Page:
Speaking Volumes: Florence Nightingale to her Nurses

June 28, 1996

Jenifer Wilson-Barnet on Florence Nightingale's Florence Nightingale to her Nurses .

These letters to the probationers and nurses at St. Thomas' (written between 1830 and 1900) are less well known than other Nightingale works but seem to have enduring relevance to nursing and have been thought-provoking to me at several stages in my career. They provide wise counsel but also expose the Nightingale philosophy, influential to the traditions of nursing. Admittedly her well-known fervour for cleanliness, fresh air and food and self-denial of nurses is apparently replaced by her religiosity, but the humanity and caring expressed is very moving.

As a student nurse, I discovered the letters in the library at Hyde Park Corner (now the most expensive hotel bedroom in London). In accepting the responsibilities of developing the discipline and future nurses, Nightingale still has a great deal to offer. My dog-eared copy of this little book provides humorous moments as well as explanations of why nursing is less advanced and valued than many believe it deserves. Currently there is a refreshing resurgence of continued education in nursing. Yet while eschewing the need for qualifications, Nightingale was unequivocal over the need for nurses's own intellectual development and continued learning. "All that any training is to do for us is: to teach us how to train ourselves, how to observe ourselves, how to think out things for ourselves . . .'' Training was thus seen as an education for life: "There is no end - no end in what we may be learning every day." However, at that time, the gratitude and adoration afforded the medical superintendent, who taught medicine, surgery and anatomy, determined the curriculum for the next 70 years. If only nursing teaching had been given the same value we may be more certain, knowledgeable and influential today. In producing her cadre of lady sisters, the philosophy of nursing care was disseminated but not the emerging science and empirical data that Nightingale urged all nurses to collect.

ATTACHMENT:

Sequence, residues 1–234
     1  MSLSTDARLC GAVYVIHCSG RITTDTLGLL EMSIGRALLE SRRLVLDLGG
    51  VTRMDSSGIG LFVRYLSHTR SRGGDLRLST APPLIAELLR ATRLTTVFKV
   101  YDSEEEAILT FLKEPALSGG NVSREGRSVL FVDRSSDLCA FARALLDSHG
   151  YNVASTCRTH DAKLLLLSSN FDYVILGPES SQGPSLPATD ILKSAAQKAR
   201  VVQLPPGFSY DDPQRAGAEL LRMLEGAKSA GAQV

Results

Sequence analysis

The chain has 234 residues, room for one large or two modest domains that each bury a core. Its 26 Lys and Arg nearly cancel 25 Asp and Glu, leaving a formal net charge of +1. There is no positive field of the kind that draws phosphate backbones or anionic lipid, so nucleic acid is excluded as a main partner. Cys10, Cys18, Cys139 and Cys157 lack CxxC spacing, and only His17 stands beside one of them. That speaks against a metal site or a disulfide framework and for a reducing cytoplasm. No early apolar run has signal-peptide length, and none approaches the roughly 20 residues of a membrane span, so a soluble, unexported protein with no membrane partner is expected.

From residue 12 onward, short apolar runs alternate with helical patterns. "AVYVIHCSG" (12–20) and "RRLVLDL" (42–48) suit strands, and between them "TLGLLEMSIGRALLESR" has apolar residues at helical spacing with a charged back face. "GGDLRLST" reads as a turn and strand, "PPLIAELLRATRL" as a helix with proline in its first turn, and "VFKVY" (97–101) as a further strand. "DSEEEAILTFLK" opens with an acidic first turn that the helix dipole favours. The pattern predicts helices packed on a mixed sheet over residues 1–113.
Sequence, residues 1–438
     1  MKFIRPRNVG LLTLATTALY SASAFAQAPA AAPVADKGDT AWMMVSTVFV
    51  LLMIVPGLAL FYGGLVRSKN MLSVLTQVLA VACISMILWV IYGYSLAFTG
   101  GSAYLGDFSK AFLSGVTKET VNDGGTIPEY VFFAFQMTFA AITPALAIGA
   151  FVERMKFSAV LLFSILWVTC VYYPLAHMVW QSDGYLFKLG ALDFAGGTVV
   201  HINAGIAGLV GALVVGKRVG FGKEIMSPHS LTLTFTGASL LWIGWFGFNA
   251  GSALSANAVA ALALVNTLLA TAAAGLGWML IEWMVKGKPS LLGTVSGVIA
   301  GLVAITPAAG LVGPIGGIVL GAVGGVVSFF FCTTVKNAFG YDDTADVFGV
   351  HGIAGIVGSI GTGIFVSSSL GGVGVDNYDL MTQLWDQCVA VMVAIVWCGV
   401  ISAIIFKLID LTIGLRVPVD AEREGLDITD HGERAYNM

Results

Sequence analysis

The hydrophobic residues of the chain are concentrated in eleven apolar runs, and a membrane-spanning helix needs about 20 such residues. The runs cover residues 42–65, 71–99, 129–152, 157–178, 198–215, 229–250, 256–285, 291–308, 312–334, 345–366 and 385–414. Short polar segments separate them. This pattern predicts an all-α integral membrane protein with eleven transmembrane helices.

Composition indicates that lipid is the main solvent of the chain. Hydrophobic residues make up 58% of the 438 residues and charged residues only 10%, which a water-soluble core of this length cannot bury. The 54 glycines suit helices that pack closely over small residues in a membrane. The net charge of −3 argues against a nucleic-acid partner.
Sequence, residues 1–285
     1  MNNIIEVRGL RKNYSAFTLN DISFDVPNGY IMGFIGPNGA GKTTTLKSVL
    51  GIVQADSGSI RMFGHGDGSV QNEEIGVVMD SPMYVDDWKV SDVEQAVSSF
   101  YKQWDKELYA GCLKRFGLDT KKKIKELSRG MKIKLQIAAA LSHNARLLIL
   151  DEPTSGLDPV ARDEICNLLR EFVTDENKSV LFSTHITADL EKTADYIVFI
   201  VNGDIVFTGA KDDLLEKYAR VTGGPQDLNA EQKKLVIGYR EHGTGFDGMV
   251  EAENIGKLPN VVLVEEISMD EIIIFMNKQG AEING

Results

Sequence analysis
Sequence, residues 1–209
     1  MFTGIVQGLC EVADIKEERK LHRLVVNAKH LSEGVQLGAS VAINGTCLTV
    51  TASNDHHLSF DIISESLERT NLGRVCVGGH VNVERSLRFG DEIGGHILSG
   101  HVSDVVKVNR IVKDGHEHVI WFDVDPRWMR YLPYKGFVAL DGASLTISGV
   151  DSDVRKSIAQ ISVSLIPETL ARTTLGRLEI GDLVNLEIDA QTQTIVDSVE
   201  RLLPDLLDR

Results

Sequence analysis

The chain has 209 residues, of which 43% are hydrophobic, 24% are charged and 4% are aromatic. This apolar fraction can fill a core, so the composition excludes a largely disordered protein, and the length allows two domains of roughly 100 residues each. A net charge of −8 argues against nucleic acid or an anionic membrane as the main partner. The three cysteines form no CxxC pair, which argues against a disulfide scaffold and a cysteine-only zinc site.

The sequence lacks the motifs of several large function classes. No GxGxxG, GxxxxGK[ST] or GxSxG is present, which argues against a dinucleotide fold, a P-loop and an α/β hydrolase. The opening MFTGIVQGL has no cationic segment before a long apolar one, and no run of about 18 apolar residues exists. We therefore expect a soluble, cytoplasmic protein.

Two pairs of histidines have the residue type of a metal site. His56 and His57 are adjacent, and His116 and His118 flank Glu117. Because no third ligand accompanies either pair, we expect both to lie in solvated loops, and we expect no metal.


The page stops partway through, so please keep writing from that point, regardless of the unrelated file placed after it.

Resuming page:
When I review these notes at the start of an academic year, to pass on some of her sentiments to the new intake, her personality and beliefs are apparent. She was quite assertive on the subject of men, all her nurses being women. She must have had a humorous side when saying, "Hospital nurses have charge of their patients in a way that no other woman has charge: in the first place no other woman is in charge really of grown-up men. On how careful she ought to be especially the night nurses, to show them what a true woman can be."

In these days of scientific evaluation, nursing care must be measured and costed. Yet again, Nightingale's lessons on the true value of nursing are useful. Recent research supports her view that the manner, presentation and style of the nurse can alter the reaction to care and the course of a patient's condition. Taught to question rather than criticise, Nightingale nurses probably benefited a lot from their annual missives. While rejecting sentimentality but encouraging a genuine feeling for caring and compassion, Nightingale is still au courant.

Jenifer Wilson-Barnett is professor of nursing and midwifery, Kings College London.

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